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Seiler: 'My book mirrors the downfall of the GDR'

Jochen Kürten/ hjhOctober 7, 2014

Author Lutz Seiler has just bagged the 2014 German Book Prize for his debut novel "Kruso." In an interview, he tells DW what his book is all about: a friendship between two men at a special time in a special place.

Shortlist Deutscher Buchpreis 2014 Lutz Seiler
Image: picture-alliance/dpa/Arne Dedert

DW: Mr. Seiler, congratulations on winning this year's prestigious German Book Prize. Your winning novel is called "Kruso" - a deliberate play on the tale of "Robinson Crusoe," just with a German accent. Your protagonist is also marooned on an island, but instead of a Carribbean island, you chose the island of Hiddensee in the former communist East Germany (GDR) as a setting for your debut novel. Why did you choose this setting?

Lutz Seiler: It wasn't a long-term plan that the novel would be set on the island of Hiddensee. Originally I had planned to write a totally different novel, but then I failed. It was only later, and through detours, that I started to get into the Hiddensee island theme.

You may not necessarily think something that happened in your life is an interesting enough topic for a 500-page novel. But in my case it was at least a starting point. "Kruso" is not an autobiographical novel, but I worked as a dishwasher on Hiddensee for a summer and I think that's how I got interested in the location as a setting for my novel.

Kruso von Lutz Seiler (Buchcover)
"Kruso" is Seiler's first novel and just won the German Book PrizeImage: Suhrkamp

A big part of the plot evolves around the friendship between two men: the younger Ed and the older Kruso.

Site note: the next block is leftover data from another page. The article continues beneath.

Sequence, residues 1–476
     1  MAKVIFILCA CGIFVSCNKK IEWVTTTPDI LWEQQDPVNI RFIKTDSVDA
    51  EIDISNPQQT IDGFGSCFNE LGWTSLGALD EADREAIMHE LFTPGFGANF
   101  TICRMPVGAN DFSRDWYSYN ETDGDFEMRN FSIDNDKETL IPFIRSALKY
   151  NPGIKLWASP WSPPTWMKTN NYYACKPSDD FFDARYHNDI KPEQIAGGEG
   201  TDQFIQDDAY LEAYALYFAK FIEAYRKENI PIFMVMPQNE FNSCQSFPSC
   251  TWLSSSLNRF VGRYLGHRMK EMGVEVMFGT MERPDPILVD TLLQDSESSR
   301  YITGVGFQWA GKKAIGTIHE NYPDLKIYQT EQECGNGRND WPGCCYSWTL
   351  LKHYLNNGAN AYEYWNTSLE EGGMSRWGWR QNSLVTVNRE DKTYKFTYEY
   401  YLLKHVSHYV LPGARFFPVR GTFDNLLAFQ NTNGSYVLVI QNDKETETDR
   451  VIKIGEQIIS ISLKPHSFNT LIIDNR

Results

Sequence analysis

Exactly. The book tells the story of a friendship between two best male buddies. The main character is Ed. He always talks about how he is longing for a real friendship between men. Kruso is like a godfather, a guru, who offers to take Ed under his wings. Ed always thinks back to how things were and he continually says: 'I always had a best friend in my life.' And he wants to have that again. There is this longing in him.

Hiddensee was a popular destination for GDR dissidents, who would work seasonal jobs at bars or hotels - just like the main character Ed in the book. Some would then even try fleeing East Germany altogether. But you said before that your book is not necessarily about the GDR and rather about freedom and specifically freedom in the GDR, which is a really special place.

Yes, it's a book about a very, very special place and the book tries to ask questions by utilizing this special place. It maybe also raises questions about the time period, which is connected to our concept of freedom. It’s also a book which mirrors the downfall of the GDR. If I did a good job it even symbolizes the downfall of a country. The decay of the restaurant "Klausner," where Ed works, can be seen as a symbol for the decay of the entire country. But that wasn't my intention, the story just developed like that.

Why did you include real-life stories of people who died in the Baltic sea fleeing the GDR into your epilogue?

I didn’t plan on doing this research. I was reading everything I could get my hands on about Hiddensee and eventually ended up finding these escape stories that really took place.

31.08.2013 DW TV Hin und Weg Aktion Hiddensee
The Hiddensee island evolved into a refuge for East German castaways

I read an interview about the dead bodies that were washed up to the shores of Denmark. I read they were all brought to Copenhagen for forensic examination. And immediately I thought about a museum for the drowned victims and I wondered what happened to them. Where did they go? Do they still all lay there? Once I had this question in my mind, I just had to travel to Copenhagen and find out. And my research basically ended up in this very detailed epilogue.

The novel needed the epilogue. The end of the book may even be the anchor for the majority of the storyline. And the protagonist keeps the storyline together.

Lutz Seiler is a 51-year-old German author who was born in former East Germany. He studied German philology and published several award-winning stories before writing his first novel, "Kruso," which just won the 2014 German Book Prize.